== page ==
A place to belong for those with young-onset dementia
Since the COVID-19 pandemic was declared in March 2020, stay-at-home orders worldwide have given millions of people first-hand experience in social isolation — something people with young-onset dementia often face on a daily basis. Although YouQuest is staying in touch with its community online, its in-person services were suspended due to the pandemic. This story, written and photographed on the eve of public health orders limiting group gatherings, is a pre-COVID snapshot — and a reflection of the importance of human connection.
“You have frontotemporal dementia.”
Stephen Clarke (EDT ’95) was just 50 years old when he received this life-altering diagnosis six years ago.
“There were things on the computer that started to get really confusing for me… I started to miss deadlines, which I never did — I had a reputation for never missing a deadline.
“Then it was driving. About a year later, I think, I was driving home on either South 14th Street or Elbow Drive — I can’t remember which. And I couldn’t remember how to get to my place in Willow Park. I remember thinking, ‘What the hell is happening to me?’”
Initially, Clarke was misdiagnosed with anxiety. He went on long-term disability and started working with a psychiatrist to manage his symptoms. Finally, he was sent for a PET scan, which checks brain function.
“It was a bittersweet moment when I finally got the diagnosis after so long looking for an answer,” Clarke says. “‘All right, an answer — boom, here it is. Now I can get it fixed, right?’ But the answer is, there is no fix. And it’s just going to get worse, right? There goes everything I’ve worked for. There goes the career I was really good at.”
What is dementia?
Dementia is the overall term for a combination of symptoms that include a decline in the ability to remember, think, reason and relate to others. The symptoms can worsen over time until the person can no longer take care of themselves and live independently. 1
Clarke is one of about 16,000 Canadians under the age of 65 living with young-onset dementia, according to the Alzheimer Society of Canada.
His long search for answers isn’t rare — young-onset dementia is often difficult to diagnose. Even after diagnosis, resources and practical support specifically geared to people under the age of 65 are hard to come by.
That’s something Cindy McCaffery discovered when her husband, John, was diagnosed at the age of 48. It was the impetus for McCaffery and her friend, Myrla Bulman, to establish YouQuest, a Calgary charity that provides recreation therapy and community for those living with young-onset dementia and for their families.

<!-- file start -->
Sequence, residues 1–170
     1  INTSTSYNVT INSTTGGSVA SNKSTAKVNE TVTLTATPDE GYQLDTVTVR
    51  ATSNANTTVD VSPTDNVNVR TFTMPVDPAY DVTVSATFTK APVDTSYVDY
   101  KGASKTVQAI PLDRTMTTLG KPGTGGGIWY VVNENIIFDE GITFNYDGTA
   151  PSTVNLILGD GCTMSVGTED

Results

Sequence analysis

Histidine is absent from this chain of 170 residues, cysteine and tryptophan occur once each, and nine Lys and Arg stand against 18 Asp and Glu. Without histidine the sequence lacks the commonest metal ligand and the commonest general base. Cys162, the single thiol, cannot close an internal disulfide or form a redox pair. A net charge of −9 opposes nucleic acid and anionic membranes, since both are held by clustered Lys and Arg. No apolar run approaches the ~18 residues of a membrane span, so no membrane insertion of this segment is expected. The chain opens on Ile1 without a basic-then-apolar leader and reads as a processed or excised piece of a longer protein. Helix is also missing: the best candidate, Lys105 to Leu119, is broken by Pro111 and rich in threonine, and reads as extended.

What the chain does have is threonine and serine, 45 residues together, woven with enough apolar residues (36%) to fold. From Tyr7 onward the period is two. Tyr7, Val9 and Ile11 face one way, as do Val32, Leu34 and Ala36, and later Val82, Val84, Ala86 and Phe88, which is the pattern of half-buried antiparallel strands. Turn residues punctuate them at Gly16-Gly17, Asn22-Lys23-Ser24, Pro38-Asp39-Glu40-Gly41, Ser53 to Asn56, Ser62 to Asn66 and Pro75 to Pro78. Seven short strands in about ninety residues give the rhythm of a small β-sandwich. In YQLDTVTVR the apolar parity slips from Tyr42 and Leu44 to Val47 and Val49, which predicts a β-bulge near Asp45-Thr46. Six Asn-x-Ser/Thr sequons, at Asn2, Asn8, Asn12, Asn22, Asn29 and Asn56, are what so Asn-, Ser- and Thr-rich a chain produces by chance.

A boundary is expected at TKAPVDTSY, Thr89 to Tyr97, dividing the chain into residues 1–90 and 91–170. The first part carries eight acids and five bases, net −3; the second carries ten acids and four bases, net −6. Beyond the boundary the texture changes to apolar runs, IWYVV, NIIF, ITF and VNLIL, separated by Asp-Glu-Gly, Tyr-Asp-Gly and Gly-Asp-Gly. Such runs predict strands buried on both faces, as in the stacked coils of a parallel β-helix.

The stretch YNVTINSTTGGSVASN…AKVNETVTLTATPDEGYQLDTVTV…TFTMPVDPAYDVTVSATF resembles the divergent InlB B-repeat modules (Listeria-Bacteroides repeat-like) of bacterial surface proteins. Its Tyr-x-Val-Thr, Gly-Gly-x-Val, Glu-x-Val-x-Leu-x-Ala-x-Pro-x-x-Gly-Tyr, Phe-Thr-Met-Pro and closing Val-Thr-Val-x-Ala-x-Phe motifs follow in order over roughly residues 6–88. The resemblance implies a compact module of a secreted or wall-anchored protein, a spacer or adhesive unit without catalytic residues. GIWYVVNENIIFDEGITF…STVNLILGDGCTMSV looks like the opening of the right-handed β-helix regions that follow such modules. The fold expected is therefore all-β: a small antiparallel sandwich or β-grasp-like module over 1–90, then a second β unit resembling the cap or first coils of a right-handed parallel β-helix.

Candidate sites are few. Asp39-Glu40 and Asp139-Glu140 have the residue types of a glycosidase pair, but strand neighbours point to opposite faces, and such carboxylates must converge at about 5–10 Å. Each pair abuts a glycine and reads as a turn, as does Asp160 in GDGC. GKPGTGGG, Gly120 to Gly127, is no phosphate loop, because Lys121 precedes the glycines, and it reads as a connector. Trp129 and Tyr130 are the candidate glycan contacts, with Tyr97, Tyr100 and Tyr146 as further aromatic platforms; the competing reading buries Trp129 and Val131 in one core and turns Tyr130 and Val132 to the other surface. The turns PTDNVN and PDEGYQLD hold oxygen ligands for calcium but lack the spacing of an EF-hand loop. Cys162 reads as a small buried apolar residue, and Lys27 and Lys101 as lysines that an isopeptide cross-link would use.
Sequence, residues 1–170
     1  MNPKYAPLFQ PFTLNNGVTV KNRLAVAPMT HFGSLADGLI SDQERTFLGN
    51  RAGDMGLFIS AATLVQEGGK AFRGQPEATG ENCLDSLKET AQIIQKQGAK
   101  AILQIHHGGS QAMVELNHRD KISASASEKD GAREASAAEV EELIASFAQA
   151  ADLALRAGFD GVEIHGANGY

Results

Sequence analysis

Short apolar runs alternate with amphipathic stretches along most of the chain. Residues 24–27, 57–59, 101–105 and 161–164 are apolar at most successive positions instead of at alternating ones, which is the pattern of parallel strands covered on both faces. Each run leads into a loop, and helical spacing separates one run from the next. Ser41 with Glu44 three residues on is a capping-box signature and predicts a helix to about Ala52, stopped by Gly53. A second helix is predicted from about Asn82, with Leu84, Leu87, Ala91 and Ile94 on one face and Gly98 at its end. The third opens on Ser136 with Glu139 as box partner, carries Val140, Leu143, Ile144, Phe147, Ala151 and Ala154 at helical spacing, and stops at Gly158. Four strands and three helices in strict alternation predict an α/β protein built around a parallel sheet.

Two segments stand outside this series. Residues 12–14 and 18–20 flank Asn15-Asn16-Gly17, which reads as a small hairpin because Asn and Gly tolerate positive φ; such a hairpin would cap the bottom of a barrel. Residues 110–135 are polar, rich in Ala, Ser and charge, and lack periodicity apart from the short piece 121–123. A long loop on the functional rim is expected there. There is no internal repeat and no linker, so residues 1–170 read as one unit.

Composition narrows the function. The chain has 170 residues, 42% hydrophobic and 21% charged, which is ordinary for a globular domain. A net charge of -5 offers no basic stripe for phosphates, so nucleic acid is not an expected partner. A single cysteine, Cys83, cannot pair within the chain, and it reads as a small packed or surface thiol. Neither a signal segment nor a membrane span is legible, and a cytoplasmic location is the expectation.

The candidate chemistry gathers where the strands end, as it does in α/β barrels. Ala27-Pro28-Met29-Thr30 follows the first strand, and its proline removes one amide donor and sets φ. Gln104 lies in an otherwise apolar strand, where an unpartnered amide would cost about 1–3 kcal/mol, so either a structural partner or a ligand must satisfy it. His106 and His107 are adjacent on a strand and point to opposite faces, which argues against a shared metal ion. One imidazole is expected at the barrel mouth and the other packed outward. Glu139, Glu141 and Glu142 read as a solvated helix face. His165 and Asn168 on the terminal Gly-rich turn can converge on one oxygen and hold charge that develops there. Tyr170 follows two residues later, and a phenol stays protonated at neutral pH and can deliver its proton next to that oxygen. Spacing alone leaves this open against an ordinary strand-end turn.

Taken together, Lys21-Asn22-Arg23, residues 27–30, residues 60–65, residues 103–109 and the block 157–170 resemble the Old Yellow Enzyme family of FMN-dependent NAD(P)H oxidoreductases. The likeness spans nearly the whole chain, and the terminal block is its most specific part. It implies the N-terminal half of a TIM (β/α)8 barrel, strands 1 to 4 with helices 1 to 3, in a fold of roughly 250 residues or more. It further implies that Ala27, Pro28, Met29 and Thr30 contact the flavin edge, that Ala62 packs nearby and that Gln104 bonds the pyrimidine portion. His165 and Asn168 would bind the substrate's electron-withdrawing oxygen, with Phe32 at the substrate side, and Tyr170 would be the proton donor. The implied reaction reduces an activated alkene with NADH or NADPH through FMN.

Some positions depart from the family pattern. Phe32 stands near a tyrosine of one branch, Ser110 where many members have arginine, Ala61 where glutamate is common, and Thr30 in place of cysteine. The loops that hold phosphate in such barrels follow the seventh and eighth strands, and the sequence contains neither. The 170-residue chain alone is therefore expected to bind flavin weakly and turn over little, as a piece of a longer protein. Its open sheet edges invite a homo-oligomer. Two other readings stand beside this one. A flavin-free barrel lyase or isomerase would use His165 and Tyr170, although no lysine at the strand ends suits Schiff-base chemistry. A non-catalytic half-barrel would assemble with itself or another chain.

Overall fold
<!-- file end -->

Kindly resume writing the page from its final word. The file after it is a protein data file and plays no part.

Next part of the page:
Bulman oversees the logistics of YouQuest’s weekly service, where recreation therapists, volunteers and participants meet in SAIT’s Campus Centre. I visit the group one Thursday morning in January. It’s a frigid -28 degrees Celsius, but the weather serves as no deterrent for participants. As volunteers help them find their way to the Odyssey Café, everyone is eager to connect with one another after the Christmas break.
Because young-onset dementia symptoms differ widely from person to person, YouQuest recreation therapists, volunteers and participants co-plan each week to incorporate individual interests and needs. YouQuest also works with SAIT Recreation and other groups to create a safe and welcoming atmosphere where the group can enjoy a full day of active independence and social connections — a basic human need.
“The most important thing we do is offer choice,” says Bulman. One example is lunch when the group heads to the 4 Nines Dining Centre. They join the short order lunch line and choose from four options — all visible on the counter.
“An entire lunch menu may be overwhelming for someone with young-onset dementia, but four options make it easier for them to make a selection for themselves,” Bulman says.
“We’re creating a culture where participants tell us what they need. There is a certain amount of routine but there is freedom within that routine.”
Among the group of 12 participants, I meet an anesthesiologist, an immigration lawyer, a competitive lifeguard and a librarian. Some share updates from their holiday breaks, while some have more difficulty finding words. Still, each shows respect and offers encouragement to one another.